In the year before President Obama took office, the jobless rate rose from 5 percent in January 2008 to 7.8 percent in January 2009. The rate then continued upward, to a recent peak of 10 percent in October 2009. It didn't drop back below 8 percent until this September.
Planet Money has charted the 22 million Americans who are "unemployed or can't find full-time work."
Update at 9:10 a.m. ET. Another Way Of Looking At Why The Jobless Rate Went Up:
-- 578,000 people reported they had joined the labor force, either by finding work or just by looking for a job.
-- 410,000 people said they had found employment.
-- So, the ranks of the unemployed grew by about 170,000.
Reminder: BLS is really reporting on two surveys: One of households and one of employers. Two surveys mean two sets of results that sometimes seem to say different things. In this case, though, both surveys are showing job growth in October.
Update at 9 a.m. ET. Households Report Even Stronger Job Growth:
Though public and private employers said they added 171,000 jobs to their payrolls, the BLS says its survey of households indicates that 410,000 more Americans report they were working in October. That follows an increase of 873,000 in that figure from August to September.
As we explained last month, the agency's two surveys — one of employers and the other of households — can produce different results.
Update at 8:55 a.m. ET. First Republican Reaction:
"Four years of persistently high unemployment and long-term joblessness might be the best President Obama can do – but it's nowhere near what the American people can do if we get Washington out of their way," House Speaker John Boehner (R-Ohio) says in a statement just released by his office.
Update at 8:45 a.m. ET. Why Did The Jobless Rate Go Up?
When job growth is stronger than forecast but the unemployment rate still rises, economists look at whether more people joined the labor force — hopefully because many of them are optimistic about being able to find work.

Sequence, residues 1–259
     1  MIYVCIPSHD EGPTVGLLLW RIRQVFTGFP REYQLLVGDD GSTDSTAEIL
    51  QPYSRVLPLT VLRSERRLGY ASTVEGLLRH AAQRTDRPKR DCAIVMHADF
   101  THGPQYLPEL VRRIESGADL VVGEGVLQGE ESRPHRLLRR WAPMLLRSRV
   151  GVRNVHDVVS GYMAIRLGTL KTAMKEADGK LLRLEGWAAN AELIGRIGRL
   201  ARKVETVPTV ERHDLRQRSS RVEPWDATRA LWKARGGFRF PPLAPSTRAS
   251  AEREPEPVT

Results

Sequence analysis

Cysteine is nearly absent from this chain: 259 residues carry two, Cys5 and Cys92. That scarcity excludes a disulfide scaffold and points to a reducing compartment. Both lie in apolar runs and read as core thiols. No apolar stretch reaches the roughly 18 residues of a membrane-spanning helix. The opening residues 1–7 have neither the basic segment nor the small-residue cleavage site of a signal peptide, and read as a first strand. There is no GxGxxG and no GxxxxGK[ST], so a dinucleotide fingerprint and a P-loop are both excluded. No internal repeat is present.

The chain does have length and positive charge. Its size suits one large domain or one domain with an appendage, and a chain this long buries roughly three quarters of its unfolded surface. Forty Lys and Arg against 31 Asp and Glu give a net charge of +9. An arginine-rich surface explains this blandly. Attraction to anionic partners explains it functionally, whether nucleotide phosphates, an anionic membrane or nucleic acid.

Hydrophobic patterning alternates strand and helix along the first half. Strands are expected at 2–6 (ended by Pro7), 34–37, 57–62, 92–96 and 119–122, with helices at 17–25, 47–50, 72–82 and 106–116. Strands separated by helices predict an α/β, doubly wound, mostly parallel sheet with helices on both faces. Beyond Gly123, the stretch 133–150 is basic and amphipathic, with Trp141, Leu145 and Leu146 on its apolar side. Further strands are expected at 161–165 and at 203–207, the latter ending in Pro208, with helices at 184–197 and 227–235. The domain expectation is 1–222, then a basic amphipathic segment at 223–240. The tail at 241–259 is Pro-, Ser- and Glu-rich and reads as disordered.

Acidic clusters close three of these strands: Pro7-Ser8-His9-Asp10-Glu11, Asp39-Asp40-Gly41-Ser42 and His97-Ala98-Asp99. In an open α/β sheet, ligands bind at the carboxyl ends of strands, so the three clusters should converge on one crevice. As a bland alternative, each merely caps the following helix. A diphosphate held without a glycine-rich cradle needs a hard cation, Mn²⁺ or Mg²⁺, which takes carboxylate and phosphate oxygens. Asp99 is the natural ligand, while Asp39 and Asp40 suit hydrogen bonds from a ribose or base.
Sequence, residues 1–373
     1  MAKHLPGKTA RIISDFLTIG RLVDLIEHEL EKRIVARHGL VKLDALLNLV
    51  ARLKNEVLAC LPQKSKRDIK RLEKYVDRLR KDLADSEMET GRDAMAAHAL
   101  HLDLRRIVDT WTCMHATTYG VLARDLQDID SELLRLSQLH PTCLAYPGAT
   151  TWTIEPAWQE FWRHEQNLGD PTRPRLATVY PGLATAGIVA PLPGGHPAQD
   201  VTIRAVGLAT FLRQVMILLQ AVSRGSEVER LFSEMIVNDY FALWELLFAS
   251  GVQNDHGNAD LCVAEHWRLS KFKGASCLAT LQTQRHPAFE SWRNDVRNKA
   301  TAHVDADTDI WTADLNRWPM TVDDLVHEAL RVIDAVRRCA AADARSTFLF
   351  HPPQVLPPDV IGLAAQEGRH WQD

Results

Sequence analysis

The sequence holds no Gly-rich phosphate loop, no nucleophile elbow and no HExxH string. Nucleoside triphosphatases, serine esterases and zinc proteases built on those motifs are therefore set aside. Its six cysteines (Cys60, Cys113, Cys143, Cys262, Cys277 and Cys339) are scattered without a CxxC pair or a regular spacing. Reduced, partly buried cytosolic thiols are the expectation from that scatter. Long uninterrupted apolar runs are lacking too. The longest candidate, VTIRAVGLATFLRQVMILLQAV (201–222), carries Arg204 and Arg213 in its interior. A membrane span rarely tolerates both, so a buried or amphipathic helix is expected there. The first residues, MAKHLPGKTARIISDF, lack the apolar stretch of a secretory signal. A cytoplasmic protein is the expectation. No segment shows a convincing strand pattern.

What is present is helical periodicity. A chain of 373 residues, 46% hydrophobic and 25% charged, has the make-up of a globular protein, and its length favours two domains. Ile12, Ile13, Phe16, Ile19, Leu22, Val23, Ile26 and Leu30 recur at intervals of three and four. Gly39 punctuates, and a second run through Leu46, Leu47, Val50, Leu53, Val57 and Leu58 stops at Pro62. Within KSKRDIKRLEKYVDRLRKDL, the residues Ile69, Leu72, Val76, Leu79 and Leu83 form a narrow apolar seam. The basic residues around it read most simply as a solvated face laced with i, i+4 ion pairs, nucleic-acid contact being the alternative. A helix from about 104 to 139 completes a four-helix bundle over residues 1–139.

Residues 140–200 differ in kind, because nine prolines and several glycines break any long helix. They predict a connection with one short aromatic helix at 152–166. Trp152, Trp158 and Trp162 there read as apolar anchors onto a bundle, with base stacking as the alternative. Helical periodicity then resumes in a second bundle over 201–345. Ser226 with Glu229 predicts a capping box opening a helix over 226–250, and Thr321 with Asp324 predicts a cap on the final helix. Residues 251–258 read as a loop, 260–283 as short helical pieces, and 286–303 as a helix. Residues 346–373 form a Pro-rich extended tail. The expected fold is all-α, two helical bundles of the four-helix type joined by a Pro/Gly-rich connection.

According to BLS, "the civilian labor force rose by 578,000 to 155.6 million in October, and the labor force participation rate edged up to 63.8 percent [from 63.6 percent]." Meanwhile, "there were 813,000 discouraged workers in October, a decline of 154,000 from a year earlier." Discouraged workers are those folks who aren't looking for work "because they believe no jobs are available for them."
Those figures may signal that the jobless rate stayed near 8 percent in part because of good news — that more Americans are feeling better about the economy and have decided to start looking for work. That increased the size of the labor force, though, and helped lift the jobless rate a tenth of a point.
Update at 8:40 a.m. ET. September Job Growth Revised Up:
There were 148,000 jobs added to payrolls in September, BLS now says. That's up from the agency's initial estimate of 114,000.
Our original post (from 7 a.m. ET). "Jobless Rate Likely Edged Up In October, Job Growth Was Likely Modest":
The last major economic report before Election Day is due at 8:30 a.m. ET and economists say we should expect to hear that the unemployment rate ticked up to 7.9 percent in October from September's estimated 7.8 percent and that payrolls grew by just 125,000 jobs.
Whatever the Bureau of Labor Statistics says, the news is sure to be a hot topic on the campaign trail and among political pundits. As you've surely heard many times:
-- Republican presidential nominee Mitt Romney says President Obama's economic policies haven't done enough to spur job growth and bring down unemployment.
-- The president has been touting the slow job growth and gradual decline in unemployment since the jobless rate's recent peak of 10 percent in October 2009. He says they're signs the economy is on the right track.
They're likely to hit those themes again today.
Meanwhile, some skeptics — such as former General Electric CEO Jack Welch — will be watching closely to see if the BLS report fits with their view of how the economy is doing.
We'll update this post with the news after the report is released, and follow with highlights and reactions. Also check Planet Money for economic analysis and It's All Politics for more on how the report might affect the campaign.